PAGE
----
2001: A Space Odyssey
Forget Frozen, this is the re-release worth given a second look this week. As part of the BFI’s sci-fi season Kubrick’s epic entry into the genre is back in cinemas. Try for a double bill with Interstellar and let me know how your brain reacts.

I Am Ali
This is Ali.

Kajaki: The True Story
British war drama set in Afghanistan centering on three soldiers crossing a river bed riddled with mines. Expect as many jokes as in Horrible Bosses 2.

Ungli
Bollywood comedy drama in which “a gang of friends decide to take justice into their own hands.”

Stations of the Cross
A 14-year-old girl is so devoted to Jesus she tries to become a saint by going through her own 14 stations. Interestingly the film is made up of only 14 shots. Intriguing…

Concerning Violence
Documentary concerning violence and “the most daring moments in the struggle for liberation from colonial rule.”

Hockney
I’ll let you guess… Go on… Correct!

Dr. Cabbie
An Indian doctor moves to Canada and fails to get a job as a doctor so becomes a taxi driver instead. Naturally he starts seeing patients in his taxi.

Rurouni Kenshin: Kyoto Inferno
Japanese drama about people fighting with swords. Fighting each other with swords. Not them fighting against swords. I’m glad we’ve cleared that up.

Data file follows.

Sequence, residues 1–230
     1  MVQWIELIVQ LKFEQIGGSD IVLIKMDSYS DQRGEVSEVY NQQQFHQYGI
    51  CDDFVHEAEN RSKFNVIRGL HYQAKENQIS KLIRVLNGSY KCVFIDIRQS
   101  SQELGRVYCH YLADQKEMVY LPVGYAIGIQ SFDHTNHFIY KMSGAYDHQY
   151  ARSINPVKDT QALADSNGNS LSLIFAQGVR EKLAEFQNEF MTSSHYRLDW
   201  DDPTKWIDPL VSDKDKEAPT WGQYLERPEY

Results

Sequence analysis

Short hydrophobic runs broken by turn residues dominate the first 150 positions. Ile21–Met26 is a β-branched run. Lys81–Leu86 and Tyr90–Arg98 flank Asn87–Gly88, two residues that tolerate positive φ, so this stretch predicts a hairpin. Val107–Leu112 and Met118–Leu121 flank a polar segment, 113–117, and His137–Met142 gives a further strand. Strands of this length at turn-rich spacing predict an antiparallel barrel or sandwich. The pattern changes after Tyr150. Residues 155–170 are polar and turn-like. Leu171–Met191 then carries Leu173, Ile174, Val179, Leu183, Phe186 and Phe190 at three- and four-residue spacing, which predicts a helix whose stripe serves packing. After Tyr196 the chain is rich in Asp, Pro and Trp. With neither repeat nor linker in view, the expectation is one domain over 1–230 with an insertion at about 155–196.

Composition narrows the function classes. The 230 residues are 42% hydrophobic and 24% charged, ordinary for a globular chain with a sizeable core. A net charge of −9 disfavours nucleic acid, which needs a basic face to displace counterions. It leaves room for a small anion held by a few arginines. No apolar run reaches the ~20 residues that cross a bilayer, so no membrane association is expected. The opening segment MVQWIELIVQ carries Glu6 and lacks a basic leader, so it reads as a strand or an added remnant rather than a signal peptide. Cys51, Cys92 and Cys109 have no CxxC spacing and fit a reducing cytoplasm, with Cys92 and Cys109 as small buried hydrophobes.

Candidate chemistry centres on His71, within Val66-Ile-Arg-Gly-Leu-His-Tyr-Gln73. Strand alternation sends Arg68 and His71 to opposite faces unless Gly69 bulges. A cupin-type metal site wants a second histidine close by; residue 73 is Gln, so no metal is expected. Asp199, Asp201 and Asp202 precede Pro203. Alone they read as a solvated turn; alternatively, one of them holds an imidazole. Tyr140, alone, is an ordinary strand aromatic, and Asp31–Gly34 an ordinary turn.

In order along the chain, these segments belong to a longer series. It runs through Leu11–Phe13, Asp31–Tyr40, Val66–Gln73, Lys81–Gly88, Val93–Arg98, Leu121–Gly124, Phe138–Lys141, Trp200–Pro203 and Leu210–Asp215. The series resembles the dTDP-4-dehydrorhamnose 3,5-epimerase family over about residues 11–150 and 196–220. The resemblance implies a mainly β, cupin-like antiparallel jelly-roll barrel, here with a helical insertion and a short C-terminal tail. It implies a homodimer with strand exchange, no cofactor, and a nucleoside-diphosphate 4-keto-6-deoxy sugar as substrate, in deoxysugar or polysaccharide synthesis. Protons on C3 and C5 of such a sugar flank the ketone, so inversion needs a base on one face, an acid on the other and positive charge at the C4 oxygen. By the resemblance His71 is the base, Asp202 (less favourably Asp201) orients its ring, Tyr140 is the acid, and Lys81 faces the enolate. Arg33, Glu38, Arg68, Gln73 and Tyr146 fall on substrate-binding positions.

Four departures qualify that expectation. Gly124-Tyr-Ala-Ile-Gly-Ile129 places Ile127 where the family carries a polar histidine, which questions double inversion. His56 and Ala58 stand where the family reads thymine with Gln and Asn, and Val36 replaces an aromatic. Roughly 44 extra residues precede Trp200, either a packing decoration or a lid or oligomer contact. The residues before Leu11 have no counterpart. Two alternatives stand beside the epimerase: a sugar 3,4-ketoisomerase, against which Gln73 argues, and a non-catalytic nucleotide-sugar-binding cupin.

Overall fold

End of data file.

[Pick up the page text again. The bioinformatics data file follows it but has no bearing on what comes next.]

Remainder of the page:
Horrible Bosses 2 – Film Review

Horrible Bosses 2

I quite enjoyed Horrible Bosses. I didn’t love it but there was a simple plot, actors I liked, and I didn’t spend the duration angry, bored, and offended. The same cannot be said for the sequel.

The plot of Horrible Bosses was straight forward. The three leads played by Charlie Day, Jason Bateman, and Jason Sudeikis all hated their bosses and so collectively decided to help one another murder their superiors. Hilarity, of a sort, ensued and everything was wrapped up neatly at the end. Horrible Bosses 2 stumbles into the room ignoring its own pointlessness and established the trio as having moved on from their happy endings to set up a business together. Having been tricked by a greedy entrepreneur, Christoph Waltz continuing to accept any role offered, they find themselves deep in debt and with their fledgling company under threat. Rather than work their way out of trouble they quickly decide to raise funds by kidnapping their nemesis’ bratty son in the shape of Chris Pine.